Berlin Film Festival: Review of Jeanette Nordahl’s Kød & Blod
There’s always something a bit creepy about a woman who kisses her sons on the mouth. Then again, there is nothing normal about Bodil (Sidse Babett Knudsen), matriarch of three unruly boys who make up her small gangster family clan. She evokes Jacki Weaver in Animal Kingdom, fully made up with the fake nails, hair extensions, and endless bangles. Terrifying while remaining maternal, she slaps her boys about while making them sandwiches.
When seventeen-year-old Ida’s (Sandra Guldberg Kampp) mother dies in a car crash, the poor child is forced to live with Aunty Bodil and her male cousins, who introduce her to the harsh world of hard-partying, sexuality, debt collection, and drug addiction, forcing her to come of age much younger than she should. The result is an intense exploration of masculinity — both inherited and performative — that is a little too somber to really dig deep into its central subject matter.
Wildland understands that the threat of violence can often be more menacing than actually depicting it. It’s a film shot through doors and hallways, with any real danger perpetually around the corner. Almost everything takes place from Ida’s perspective, allowing us to process this world just as she sees it. And she doesn’t see a lot, making this world feel more grown-up and scarier than it probably is.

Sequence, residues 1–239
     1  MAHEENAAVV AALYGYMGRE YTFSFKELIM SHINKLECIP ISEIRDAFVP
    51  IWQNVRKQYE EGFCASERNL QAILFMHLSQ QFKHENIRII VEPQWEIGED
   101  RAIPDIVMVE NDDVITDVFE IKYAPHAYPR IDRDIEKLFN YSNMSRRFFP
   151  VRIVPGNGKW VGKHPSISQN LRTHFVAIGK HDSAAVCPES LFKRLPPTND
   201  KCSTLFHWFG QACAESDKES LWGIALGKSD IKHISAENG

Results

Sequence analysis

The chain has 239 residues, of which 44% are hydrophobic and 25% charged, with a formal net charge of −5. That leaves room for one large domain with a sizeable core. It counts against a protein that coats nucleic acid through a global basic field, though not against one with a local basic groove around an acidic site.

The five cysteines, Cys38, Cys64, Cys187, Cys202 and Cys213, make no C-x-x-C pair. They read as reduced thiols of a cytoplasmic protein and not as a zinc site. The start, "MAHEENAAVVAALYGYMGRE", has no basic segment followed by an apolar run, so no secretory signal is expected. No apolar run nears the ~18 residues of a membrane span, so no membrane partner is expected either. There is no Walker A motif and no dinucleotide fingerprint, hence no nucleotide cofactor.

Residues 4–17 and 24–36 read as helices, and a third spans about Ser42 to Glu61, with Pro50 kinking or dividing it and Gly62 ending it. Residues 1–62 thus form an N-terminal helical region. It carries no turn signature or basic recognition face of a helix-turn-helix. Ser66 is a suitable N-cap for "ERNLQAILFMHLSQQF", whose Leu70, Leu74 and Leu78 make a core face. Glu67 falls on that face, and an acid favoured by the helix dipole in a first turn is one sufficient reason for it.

Normally gangster tales abound in supporting characters, giving one an insight into how the wider system works. Yet, these aren’t particularly finessed gangsters; their economic operation — consisting solely of lending then collecting money — is decidedly amateur. They do drink in one club a lot, but it is unclear if they own it. After all, the sheer fact that the club takes cards suggests a fundamental misunderstanding of how to effectively launder money. With the father missing, it seems that these overgrown children (one with a child of his own) don’t really know how to be gangsters, putting Ida in far worse peril than if she were a member of the Cosa Nostra.
When a collection goes wrong, Ida’s bonds to her new home are tested, leaving her to make a life-altering decision. The Danish title of Wildland is Kød & Blod, which translates to “Flesh and Blood” in English, which aptly sums up the ethical quandary at the centre of the narrative, while evoking a gory end. And we get both these things, with a horrifying, fast-paced conclusion that feels like too much, too late.
First-time director Jeanette Nordahl doesn’t direct with the tempo this material needs. Too much of the time it goes into generic arthouse territory — such as long close-ups of Ida’s face with moody music in the background — instead of leaning into actual gangster tropes. The result is a film that is neither genre subversion nor guilty pleasure, but something rather dull in between. For a far better and more brutal exploration of Danish gangster life as seen through the eyes of a naive young woman, Isabella Eklöf’s Holiday will take you there and then some.